I have never been one to make serious resolutions for each new year. Moreover, since 2010 is now nearly two weeks old, I would probably be considered a little late in making any resolutions at this point.

I am not opposed to making such resolutions, and I am certainly not cynical about those who make them and seriously try to keep them; I have just never really felt the need to make them.

Yet, as we begin the new year, I have been considering what I want 2010 to be for me. For sure, I have personal goals like spending more time with my family, getting and staying in shape, and being a better person. Moreover, I have professional goals to be better at my job and to improve my professional skills. But as 2009 was coming to a close and 2010 was in its first hours of life, I began to think about what God really wants from me this year.

God’s will can be very difficult to understand, and even more difficult to execute in my life. Understanding God’s will for me for 2010 can be tricky for the simple reason that my primary resource for knowing the will of God is the Bible and the life of Jesus. The year 2010 is a long way away from the ancient world in which the Bible was written and in which Jesus lived. Yet it is vitally important that I start with these resources in order to understand and live out God’s will for my life.

But the problem is more than just simply the distance in time between the biblical world and my own life. The problem also comes in understanding what the Bible wants to say to me and which parts of the Bible might say these things more clearly. Thus, seeking the will of God requires reading Scripture, reflecting on what Scripture says, and using sound and critical reasoning to find the direction God desires for my life in the new year.

But is it necessary that I make this task so difficult? Yes, biblical interpretation is often difficult and gut-wrenching work if we are seeking to be serious with the text and serious about what the text says. Despite what we hear from some preachers and teachers of the Bible who spout off nothing but watered-down theology that only skims the surface of the biblical texts and the life of Jesus, the Bible is not always clear and not always correct for our context.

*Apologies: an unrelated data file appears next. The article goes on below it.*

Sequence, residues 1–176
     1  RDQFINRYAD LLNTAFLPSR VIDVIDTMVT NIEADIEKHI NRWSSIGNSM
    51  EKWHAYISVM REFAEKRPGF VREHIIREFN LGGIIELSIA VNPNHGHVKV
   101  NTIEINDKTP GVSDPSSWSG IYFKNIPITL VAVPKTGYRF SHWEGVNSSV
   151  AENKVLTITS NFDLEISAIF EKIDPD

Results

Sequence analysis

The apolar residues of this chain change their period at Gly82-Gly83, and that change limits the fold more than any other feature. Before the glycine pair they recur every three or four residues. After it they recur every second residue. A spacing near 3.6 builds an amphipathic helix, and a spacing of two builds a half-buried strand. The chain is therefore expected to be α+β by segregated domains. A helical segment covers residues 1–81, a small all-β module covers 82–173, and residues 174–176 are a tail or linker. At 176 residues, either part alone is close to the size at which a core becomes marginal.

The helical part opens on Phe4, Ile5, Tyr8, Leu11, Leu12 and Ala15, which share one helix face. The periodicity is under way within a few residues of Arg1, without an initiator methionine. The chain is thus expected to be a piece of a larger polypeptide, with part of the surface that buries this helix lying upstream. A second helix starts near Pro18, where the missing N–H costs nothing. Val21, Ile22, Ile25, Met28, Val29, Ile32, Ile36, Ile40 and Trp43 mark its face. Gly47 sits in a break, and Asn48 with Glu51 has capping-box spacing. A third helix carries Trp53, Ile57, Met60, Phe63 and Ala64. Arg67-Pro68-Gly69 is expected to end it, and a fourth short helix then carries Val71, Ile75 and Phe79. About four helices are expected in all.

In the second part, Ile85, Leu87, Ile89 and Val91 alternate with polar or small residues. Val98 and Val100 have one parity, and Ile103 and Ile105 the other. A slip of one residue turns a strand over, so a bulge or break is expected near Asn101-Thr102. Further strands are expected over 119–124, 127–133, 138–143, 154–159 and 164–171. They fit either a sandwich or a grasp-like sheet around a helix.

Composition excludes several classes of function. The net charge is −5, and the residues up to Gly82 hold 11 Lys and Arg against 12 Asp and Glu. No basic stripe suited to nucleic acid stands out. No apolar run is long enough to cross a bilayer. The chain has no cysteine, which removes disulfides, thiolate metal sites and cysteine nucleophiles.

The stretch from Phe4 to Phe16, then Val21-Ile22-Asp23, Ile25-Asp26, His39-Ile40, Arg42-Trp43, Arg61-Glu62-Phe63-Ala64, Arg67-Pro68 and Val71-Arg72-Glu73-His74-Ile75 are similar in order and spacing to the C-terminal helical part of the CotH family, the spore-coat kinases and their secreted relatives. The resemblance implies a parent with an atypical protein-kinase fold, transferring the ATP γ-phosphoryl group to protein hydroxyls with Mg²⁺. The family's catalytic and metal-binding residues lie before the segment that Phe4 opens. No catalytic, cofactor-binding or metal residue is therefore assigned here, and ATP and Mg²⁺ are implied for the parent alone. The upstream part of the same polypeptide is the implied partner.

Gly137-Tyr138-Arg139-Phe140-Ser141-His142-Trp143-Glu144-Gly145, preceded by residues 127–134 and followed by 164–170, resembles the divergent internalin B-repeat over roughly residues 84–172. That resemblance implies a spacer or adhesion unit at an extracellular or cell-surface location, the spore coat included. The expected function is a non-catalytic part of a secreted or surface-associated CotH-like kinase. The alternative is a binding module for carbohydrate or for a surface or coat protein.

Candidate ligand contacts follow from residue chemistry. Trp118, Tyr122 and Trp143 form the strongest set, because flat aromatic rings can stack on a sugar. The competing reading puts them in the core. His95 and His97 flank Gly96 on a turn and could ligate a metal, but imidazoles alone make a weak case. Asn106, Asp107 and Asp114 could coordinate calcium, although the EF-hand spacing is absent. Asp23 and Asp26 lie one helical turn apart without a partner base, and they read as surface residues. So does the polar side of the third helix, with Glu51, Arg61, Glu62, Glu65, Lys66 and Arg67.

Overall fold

Moreover, spiritualizing portions of the Bible just because we think that every part of Scripture must mean something for us now is not the answer and only abuses the sacred text. But finding God’s will for us can often be made even more difficult when we cannot see the forest because of the trees.

I am certainly not one to say that we ought not to consider the intricacies of Scripture and what Scripture says on issues with which we deal; I am saying that we can face many questions we have in life and never find specific and crystal-clear answers from these ancient and distance texts. However, I do think we can find God’s will for all of us in the overall message of Scripture that is summed up in various ways, but two that are pertinent for me.

Micah 6:6, from the Hebrew Bible, offers us the following, “Do justice, love mercy, and walk humbly with God.” And Jesus stated that the law is summed up in this, “Love the Lord your God with all your heart, with all your mind, and everything that you are, and love your neighbor as you would love yourself.” These seem to me to be the most important creeds by which to live for a couple of important reasons.

First, each recognizes that life exists in relation to God and others. We are not alone and despite our tendency to be independent, the fullness of life can only be encountered in relationships with God and others that are based on love.

Second, both call us to action on the part of others. To do justice, to love mercy, and to love others as we would want to be loved means that we ought to live our lives not in selfish gain, but in self-giving sacrifice – loving sacrifice expressed toward our friends, strangers and even enemies.

If I consider these verses and others like them to be the centerpiece of the biblical message, then these should become for me the moral and spiritual compass by which my life is guided. And if these words are the moral and spiritual compass of my life, then they must become the basis from which I formulate resolutions, not only for a new year, but for each new day.

So while I have never been keen about the whole new year’s resolution tradition, I hope that I am serious about living my life the way God intends. I hope that my life for 2010 is focused on loving God and loving others by doing justice, loving mercy, and walking humbly with God. And I hope it is the same for all of us.

Drew Smith, an ordained Baptist minister, is director of international programs at Henderson State University in Arkadelphia, Ark. He blogs at Wilderness Preacher.

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